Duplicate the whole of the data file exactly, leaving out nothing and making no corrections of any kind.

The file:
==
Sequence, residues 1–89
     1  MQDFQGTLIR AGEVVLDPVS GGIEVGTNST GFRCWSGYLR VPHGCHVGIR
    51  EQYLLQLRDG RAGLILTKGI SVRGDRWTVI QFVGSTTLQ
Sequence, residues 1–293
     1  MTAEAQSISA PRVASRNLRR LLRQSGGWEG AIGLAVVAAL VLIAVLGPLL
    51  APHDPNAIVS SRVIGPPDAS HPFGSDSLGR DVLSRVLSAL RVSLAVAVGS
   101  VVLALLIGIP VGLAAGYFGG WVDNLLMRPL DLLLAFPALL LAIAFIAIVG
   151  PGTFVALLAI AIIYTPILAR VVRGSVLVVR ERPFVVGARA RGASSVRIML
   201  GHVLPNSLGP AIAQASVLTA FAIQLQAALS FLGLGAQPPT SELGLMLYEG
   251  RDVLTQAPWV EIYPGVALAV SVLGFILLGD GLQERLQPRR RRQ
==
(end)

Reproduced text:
Sequence, residues 1–89
     1  MQDFQGTLIR AGEVVLDPVS GGIEVGTNST GFRCWSGYLR VPHGCHVGIR
    51  EQYLLQLRDG RAGLILTKGI SVRGDRWTVI QFVGSTTLQ
Sequence, residues 1–293
     1  MTAEAQSISA PRVASRNLRR LLRQSGGWEG AIGLAVVAAL VLIAVLGPLL
    51  APHDPNAIVS SRVIGPPDAS HPFGSDSLGR DVLSRVLSAL RVSLAVAVGS
   101  VVLALLIGIP VGLAAGYFGG WVDNLLMRPL DLLLAFPALL LAIAFIAIVG
   151  PGTFVALLAI AIIYTPILAR VVRGSVLVVR ERPFVVGARA RGASSVRIML
   201  GHVLPNSLGP AIAQASVLTA FAIQLQAALS FLGLGAQPPT SELGLMLYEG
   251  RDVLTQAPWV EIYPGVALAV SVLGFILLGD GLQERLQPRR RRQ